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Sub-canopy Evapotranspiration from Floating Vegetation and Open Water in a Swamp Forest

Allen, Scott T., Edwards, Brandon L., Reba, Michele L., Keim, Richard F.
Wetlands 2016 v.36 no.4 pp. 681-688
aquatic plants, canopy, climate, energy, evaporation, evapotranspiration, forests, phenology, summer, swamps, Louisiana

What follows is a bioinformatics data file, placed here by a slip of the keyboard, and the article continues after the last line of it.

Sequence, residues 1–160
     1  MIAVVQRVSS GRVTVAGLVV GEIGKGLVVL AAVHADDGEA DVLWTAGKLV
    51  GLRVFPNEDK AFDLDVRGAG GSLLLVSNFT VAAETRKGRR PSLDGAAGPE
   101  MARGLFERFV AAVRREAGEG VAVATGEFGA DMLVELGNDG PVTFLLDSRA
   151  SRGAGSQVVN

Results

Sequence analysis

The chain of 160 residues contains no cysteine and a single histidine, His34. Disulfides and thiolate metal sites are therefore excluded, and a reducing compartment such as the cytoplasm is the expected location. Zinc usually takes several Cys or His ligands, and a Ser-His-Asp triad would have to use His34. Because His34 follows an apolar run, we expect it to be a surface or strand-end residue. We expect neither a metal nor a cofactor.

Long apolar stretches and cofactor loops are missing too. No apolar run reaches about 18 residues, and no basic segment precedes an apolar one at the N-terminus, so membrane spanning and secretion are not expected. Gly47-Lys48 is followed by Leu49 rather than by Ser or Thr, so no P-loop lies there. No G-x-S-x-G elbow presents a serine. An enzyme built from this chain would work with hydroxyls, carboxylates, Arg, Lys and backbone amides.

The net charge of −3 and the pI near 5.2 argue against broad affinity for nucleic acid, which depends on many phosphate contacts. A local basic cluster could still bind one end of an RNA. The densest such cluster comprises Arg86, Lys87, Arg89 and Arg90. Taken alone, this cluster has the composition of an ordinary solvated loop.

Among previous studies, there are large discrepancies in the difference between evapotranspiration from wetland vegetation and evaporation from open water. In this study, we investigate evapotranspiration differences between water and vegetation in a scenario that has otherwise not been extensively investigated: evapotranspiration from floodwaters in the sub-canopy environment. This study was conducted under a closed canopy baldcypress-ash-tupelo swamp forest in southeastern Louisiana. Water levels were measured in paired, partially-submerged evaporation pans, one with floating aquatic vegetation and the other without. Over the 5 month measurement period (June-November), average evapotranspiration rates from floating vegetation and open water were approximately 1.35 ± 0.10 and 1.36 ± 0.06 mm day⁻¹, respectively. Open water evaporation was generally higher in summer, and evapotranspiration from the vegetated water surface was higher in fall, likely due to changes in the sub-canopy energy environment related to both regional climate and site canopy phenology.